The accidental shooting of a boy in New York leads to an investigation by the Deputy Mayor, and unexpectedly far-reaching consequences.
Opening (and closing) with a sweeping Manhattan panorama accompanied by John Cusacks measured narration, its clear right from the off that this is aiming to be an old fashioned melodrama. With an intriguing plot, two outrageously good performances from its male stars and a refreshingly intelligent script, it ends up being just that.
Mayor John Pappas (Pacino) rules New York with respect and efficiency. Hes a politician who knows the rules of the game but also how to get things done, pleasing the businessmen of the community legal and otherwise in the same way he dazzles the voters. In other words, hes the perfect candidate for future US president and he knows it. His assistant mayor, southerner Kevin Calhoun (Cusack) knows it too and intends to remain loyal to the man. The respect and trust between them is mutual. But when a six-year-old boy gets caught in the cross-fire of a dirty deal, the mayors hold on the city starts to unravel as Calhoun slowly uncovers a conspiracy of corruption involving everyone from a high powered judge to a benign politician, maybe even to the mayor himself.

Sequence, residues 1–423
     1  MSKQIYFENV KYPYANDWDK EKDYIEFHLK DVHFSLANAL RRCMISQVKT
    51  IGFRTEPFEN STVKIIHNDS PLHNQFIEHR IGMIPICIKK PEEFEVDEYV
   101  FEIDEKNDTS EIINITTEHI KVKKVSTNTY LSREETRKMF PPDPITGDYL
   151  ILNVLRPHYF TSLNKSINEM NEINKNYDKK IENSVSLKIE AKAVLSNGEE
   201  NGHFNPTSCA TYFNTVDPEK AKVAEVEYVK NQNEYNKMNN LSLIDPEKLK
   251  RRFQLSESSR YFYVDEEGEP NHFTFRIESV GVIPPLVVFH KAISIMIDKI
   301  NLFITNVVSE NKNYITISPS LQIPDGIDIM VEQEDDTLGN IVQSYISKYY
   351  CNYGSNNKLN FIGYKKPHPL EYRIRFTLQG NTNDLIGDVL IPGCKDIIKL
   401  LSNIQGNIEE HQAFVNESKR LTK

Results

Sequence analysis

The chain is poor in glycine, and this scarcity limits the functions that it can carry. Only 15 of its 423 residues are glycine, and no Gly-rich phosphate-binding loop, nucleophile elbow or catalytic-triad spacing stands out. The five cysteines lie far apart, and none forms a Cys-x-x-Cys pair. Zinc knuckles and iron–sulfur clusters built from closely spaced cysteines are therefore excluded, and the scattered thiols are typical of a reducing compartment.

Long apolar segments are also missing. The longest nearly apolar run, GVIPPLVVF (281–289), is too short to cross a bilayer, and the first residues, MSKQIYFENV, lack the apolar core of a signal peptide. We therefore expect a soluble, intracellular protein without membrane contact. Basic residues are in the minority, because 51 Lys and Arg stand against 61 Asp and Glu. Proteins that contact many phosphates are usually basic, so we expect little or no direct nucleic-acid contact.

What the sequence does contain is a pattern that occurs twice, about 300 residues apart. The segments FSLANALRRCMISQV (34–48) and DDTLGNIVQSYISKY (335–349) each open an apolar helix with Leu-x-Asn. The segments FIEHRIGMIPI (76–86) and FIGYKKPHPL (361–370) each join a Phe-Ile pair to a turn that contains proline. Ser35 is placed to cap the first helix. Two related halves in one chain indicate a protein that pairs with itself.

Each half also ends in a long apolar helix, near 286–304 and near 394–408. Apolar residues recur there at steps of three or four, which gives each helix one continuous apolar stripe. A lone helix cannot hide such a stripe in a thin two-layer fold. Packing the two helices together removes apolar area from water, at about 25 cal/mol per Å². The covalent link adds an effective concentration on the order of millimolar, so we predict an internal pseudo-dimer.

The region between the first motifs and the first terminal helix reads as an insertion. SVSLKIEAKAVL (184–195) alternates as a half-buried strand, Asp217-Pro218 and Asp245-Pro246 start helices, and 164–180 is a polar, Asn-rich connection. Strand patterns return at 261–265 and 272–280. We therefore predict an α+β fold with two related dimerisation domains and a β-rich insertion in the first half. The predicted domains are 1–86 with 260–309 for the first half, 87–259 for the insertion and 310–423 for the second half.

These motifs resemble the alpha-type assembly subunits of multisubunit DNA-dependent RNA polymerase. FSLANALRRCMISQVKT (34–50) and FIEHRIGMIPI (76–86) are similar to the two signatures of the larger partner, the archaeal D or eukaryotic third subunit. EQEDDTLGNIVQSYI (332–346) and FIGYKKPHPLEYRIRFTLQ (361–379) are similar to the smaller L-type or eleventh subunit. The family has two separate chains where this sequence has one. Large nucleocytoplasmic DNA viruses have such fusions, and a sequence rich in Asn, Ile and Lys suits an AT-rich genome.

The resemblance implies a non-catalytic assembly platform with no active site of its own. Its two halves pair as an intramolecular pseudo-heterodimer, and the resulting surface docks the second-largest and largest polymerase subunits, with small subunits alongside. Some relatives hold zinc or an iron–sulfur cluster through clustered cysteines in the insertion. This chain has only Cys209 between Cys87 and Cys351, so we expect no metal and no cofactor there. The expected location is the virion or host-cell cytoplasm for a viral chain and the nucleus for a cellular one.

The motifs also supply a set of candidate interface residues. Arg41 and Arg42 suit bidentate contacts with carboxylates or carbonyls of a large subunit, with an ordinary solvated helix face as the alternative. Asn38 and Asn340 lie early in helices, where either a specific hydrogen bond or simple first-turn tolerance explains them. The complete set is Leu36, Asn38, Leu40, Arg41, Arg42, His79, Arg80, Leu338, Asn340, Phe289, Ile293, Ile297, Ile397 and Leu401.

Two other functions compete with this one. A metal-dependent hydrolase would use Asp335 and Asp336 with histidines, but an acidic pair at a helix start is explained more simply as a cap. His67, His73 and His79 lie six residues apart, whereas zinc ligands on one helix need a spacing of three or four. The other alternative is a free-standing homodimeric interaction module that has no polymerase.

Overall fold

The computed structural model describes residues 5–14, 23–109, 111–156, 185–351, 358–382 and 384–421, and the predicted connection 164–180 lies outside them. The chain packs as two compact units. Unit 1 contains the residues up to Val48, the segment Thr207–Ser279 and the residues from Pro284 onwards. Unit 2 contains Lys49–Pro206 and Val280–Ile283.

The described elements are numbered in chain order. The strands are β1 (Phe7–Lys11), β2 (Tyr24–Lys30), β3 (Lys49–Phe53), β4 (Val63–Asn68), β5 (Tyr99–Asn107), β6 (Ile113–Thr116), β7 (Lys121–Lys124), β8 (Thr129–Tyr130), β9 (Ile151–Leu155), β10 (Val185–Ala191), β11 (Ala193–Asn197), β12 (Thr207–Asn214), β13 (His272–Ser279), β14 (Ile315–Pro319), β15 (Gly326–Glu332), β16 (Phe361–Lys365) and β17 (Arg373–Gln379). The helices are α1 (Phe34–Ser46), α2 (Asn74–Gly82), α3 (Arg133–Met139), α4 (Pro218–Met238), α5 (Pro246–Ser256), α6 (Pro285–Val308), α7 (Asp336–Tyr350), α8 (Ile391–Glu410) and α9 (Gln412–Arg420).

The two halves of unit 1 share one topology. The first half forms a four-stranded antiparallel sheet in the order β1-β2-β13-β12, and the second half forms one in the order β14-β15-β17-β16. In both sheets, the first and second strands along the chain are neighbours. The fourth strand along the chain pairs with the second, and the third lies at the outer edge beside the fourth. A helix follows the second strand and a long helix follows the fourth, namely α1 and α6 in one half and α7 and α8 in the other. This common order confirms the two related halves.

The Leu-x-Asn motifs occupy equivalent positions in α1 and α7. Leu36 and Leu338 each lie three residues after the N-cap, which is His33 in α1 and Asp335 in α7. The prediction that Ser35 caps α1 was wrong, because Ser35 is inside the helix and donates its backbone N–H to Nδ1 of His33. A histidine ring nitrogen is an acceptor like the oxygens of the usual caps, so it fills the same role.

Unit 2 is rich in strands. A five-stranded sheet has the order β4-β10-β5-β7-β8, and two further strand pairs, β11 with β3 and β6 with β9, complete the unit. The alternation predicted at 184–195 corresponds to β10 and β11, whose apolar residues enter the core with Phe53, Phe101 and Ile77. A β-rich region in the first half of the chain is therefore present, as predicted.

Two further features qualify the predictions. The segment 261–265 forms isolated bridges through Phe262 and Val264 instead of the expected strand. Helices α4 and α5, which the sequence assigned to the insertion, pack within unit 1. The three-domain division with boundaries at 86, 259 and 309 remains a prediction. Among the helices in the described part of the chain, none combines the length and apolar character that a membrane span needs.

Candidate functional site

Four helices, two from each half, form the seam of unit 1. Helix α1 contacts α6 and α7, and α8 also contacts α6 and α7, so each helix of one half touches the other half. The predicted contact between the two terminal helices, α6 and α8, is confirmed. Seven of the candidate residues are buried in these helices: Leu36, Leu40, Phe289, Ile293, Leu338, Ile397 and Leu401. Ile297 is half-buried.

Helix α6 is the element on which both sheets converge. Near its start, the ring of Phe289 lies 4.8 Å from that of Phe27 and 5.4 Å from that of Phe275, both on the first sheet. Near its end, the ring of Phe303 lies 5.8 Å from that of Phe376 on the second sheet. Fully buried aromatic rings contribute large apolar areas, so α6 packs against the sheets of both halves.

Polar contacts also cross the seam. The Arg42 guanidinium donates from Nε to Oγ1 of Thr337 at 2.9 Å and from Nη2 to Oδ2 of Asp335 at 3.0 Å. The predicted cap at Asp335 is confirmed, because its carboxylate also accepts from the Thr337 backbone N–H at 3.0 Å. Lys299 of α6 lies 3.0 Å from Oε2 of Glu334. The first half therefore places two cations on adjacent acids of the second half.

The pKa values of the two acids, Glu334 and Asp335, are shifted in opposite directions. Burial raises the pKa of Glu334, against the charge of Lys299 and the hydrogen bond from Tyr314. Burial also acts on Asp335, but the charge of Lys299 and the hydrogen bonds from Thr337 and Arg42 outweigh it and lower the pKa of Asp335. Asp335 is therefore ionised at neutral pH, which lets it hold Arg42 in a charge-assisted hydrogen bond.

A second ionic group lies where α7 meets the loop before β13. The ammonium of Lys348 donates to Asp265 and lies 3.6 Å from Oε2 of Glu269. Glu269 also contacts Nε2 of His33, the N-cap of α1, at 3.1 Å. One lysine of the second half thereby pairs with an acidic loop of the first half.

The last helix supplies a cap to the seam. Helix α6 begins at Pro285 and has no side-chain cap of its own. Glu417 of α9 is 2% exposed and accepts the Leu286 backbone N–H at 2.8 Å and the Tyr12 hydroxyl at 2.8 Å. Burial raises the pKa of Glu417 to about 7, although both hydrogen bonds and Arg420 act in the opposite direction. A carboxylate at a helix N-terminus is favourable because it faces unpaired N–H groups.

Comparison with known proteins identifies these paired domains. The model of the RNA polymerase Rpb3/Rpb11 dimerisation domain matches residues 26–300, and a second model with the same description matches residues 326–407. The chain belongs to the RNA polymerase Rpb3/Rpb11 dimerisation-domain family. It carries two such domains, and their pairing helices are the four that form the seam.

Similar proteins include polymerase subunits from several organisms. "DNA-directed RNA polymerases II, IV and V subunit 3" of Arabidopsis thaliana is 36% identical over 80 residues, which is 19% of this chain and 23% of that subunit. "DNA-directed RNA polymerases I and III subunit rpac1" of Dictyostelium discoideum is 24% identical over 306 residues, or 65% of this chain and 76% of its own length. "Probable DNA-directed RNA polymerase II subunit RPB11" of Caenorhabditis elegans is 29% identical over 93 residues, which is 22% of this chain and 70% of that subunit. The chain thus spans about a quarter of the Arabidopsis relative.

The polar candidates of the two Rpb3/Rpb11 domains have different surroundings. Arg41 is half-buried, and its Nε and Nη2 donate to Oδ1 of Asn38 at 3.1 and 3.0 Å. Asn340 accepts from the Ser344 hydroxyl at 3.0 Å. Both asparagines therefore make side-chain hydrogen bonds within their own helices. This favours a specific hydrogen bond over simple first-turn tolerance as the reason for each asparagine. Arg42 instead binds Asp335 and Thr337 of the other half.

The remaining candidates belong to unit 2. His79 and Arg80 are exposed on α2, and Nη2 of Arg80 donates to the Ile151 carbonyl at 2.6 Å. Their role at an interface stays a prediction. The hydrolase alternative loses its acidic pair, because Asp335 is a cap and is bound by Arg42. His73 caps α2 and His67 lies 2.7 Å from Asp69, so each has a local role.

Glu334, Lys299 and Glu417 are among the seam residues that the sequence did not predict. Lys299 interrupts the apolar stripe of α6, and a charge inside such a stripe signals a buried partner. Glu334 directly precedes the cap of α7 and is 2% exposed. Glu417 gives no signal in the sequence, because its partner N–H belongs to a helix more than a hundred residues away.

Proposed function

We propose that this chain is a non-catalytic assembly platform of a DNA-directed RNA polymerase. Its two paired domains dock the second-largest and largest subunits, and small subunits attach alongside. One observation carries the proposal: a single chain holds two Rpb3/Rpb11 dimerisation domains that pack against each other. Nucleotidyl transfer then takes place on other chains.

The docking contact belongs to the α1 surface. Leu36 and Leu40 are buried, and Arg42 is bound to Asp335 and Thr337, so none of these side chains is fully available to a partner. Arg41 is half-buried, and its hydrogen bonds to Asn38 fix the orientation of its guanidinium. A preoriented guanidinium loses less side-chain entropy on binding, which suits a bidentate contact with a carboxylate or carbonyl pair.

Beckers film at times offers us an unwanted romance between Cusack and campaigning lawyer Fonda, while at others it throws in some bog standard thriller chase elements. But when it opts to concentrate on the complexities of the plot and even more on the complexities of its two central characters and their relationship to each other, its truly compulsive. Pacino commands attention every second hes on the screen. When he attends the funeral of the young victim, he turns what should be a private moment of grief into an evangelical call for justice that also manages to be a fairly decent advert for re-election.
As good as Pacino is, however, he generously takes a back seat to Cusack for the majority of the movie, with the young actor proving himself an equal to the old master. If theres any justice City Hall should be the movie that finally makes Cusack a star.
Charismatic performances push this into a higher bracket of political thriller.